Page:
International women’s day: female art and power


Isabel Marquez Flores

Students work on projects in art class. The arts are filled with students with unique perspectives, and art is one of the many ways to empower these students.

Today, on International Women’s Day, we celebrate the achievements of women in all fields. We don’t have to look too far to find remarkable examples of feminine talent. Within the walls of our school young girls with aptitudes for numbers, science, art and leadership fill the halls on their way to class. Principal Schmidt, female teachers and staff nurture the minds of new generations and replace the historic narrative of patriarchy with one of impartiality and empowerment. When women meet art a singular phenomenon occurs, one of great possibilities and change.

At our high school, we have a thriving community of gifted and curious young female artists. Tate Edmondson, a senior, believes that both genders should be represented equally in art. She says, “Women definitely have a unique perspective in their art pieces, since we are different to men, we should celebrate that diversity! I feel very lucky about having so many different arts class options. I find it very therapeutic to be creative and feminine at the same time.” Rachel Lords, a senior taking sculpture and AP 3D design, adds that women have historically faced more obstacles compared to men. She says, “Representing this in our artwork and giving media representation to all genders and artists equally is important and of cultural value. I grew up around art and really look up to my sister, a freelance artist that works at this school as a teacher: Brooke Lords.”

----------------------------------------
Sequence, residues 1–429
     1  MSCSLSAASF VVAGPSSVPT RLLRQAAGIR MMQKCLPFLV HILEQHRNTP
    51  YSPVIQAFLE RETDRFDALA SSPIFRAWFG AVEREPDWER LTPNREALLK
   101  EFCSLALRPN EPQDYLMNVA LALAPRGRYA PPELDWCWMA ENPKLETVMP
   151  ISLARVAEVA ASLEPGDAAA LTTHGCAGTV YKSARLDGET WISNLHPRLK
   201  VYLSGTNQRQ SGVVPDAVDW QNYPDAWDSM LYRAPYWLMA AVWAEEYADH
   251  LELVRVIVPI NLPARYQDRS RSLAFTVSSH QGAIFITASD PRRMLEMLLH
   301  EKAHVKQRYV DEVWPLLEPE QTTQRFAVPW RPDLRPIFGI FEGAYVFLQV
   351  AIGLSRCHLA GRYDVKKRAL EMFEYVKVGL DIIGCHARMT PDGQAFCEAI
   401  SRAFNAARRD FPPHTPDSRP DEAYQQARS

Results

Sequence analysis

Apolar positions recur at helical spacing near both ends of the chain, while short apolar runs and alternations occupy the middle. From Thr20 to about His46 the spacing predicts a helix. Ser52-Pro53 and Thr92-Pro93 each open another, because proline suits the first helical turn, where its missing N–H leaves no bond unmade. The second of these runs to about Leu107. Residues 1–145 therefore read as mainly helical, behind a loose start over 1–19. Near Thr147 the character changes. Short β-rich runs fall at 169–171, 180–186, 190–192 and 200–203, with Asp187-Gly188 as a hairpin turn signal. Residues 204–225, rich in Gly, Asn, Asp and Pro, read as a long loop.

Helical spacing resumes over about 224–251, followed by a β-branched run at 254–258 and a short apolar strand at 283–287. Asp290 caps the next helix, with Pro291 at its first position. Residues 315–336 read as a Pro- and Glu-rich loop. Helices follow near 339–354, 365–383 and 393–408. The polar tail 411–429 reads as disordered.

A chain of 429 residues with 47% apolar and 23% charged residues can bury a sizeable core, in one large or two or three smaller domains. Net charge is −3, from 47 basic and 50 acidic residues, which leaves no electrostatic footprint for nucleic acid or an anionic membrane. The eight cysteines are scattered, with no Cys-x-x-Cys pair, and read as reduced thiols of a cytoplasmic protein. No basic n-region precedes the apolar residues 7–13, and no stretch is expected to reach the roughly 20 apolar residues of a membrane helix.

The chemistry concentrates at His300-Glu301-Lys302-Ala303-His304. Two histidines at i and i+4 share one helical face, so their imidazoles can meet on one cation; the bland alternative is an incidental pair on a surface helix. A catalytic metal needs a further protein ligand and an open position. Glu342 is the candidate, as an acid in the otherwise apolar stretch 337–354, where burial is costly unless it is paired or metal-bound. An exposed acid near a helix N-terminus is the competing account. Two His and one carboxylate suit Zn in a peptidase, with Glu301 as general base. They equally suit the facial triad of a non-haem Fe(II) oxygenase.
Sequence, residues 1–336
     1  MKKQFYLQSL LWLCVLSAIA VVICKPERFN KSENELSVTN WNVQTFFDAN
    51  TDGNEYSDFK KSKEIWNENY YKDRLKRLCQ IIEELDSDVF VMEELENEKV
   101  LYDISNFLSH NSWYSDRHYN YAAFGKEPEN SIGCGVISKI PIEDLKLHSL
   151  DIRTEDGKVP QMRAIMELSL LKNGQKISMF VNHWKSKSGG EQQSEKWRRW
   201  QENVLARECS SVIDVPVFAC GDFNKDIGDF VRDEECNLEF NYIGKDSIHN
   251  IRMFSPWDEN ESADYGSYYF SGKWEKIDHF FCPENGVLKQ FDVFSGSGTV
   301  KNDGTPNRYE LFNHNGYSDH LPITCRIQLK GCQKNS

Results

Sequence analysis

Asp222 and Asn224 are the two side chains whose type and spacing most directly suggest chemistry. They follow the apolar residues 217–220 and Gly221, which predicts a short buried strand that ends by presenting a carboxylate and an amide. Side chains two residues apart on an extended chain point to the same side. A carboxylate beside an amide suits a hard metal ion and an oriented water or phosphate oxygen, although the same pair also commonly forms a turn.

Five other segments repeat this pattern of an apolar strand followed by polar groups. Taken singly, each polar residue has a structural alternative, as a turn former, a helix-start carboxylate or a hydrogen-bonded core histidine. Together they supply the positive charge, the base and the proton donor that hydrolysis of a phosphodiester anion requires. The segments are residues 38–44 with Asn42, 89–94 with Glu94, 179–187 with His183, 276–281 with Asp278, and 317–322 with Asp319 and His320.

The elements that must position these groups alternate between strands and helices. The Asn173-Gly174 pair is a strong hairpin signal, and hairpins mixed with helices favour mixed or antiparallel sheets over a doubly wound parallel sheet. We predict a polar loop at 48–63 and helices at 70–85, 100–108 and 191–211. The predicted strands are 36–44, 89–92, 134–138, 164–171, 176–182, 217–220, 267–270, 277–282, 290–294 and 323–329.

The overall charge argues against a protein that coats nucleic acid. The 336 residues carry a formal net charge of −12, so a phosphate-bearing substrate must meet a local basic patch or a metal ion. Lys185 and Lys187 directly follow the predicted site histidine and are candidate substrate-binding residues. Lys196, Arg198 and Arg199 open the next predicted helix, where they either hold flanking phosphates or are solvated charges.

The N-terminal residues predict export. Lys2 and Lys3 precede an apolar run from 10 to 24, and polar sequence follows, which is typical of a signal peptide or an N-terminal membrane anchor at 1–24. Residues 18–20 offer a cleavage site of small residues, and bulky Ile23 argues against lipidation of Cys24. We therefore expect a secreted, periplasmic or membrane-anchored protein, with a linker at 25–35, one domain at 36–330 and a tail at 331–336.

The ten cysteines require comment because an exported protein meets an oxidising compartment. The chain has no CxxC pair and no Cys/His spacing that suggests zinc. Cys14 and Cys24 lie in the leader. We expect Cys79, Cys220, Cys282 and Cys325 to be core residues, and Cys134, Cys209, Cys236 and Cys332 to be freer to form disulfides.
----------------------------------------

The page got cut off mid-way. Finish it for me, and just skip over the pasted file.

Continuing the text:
Women have been creating art for centuries, but their work has often been overlooked or undervalued. It was not until the 20th century that women began to gain recognition for their artistic contributions. The feminist art movement of the 1960s and 70s was a turning point for women in the art world, and it paved the way for future generations of women artists.

Today, women are creating some of the most innovative and groundbreaking works of art. From Yayoi Kusama’s immersive installations to Kara Walker’s powerful silhouettes, women are pushing the boundaries of what is possible in art.

 In our own community, we have the advantage of having passionate art teachers like Tia Factor, our Painting, Advanced and AP Art teacher. Who decided to share her personal experience with the art world. “I’ve found that even though women represent more than half of the in-class students at art colleges, oftentimes only 10% make it to be successfully published well-renowned artists.” She says “I always try incorporating powerful female artists in my lectures and broaden the horizons of my students with diversity of all forms. It is also important to me, as an artist myself, to be aware of the male gaze and socio-cultural constructs in our society and what role they play in artwork.” Tia’s experience highlights the ongoing issue of gender inequality in the art industry and the importance of acknowledging, addressing it and, as educators, of purposely creating an environment of equal opportunity and exposure.

It is important for young girls interested in art to have role models and mentors who encourage them to explore their creative abilities. In addition to having supportive teachers at school, it is crucial for young artists to have a community outside of school that fosters their love of art. Art classes, workshops, and galleries are great places for young artists to connect with like-minded individuals and learn from experienced professionals.

Next time you look and appreciate the art around you, think of the role women played in it or what female artists have endeavored in the style and remember, in the immortal words of Beyoncé, who runs the world? Girls!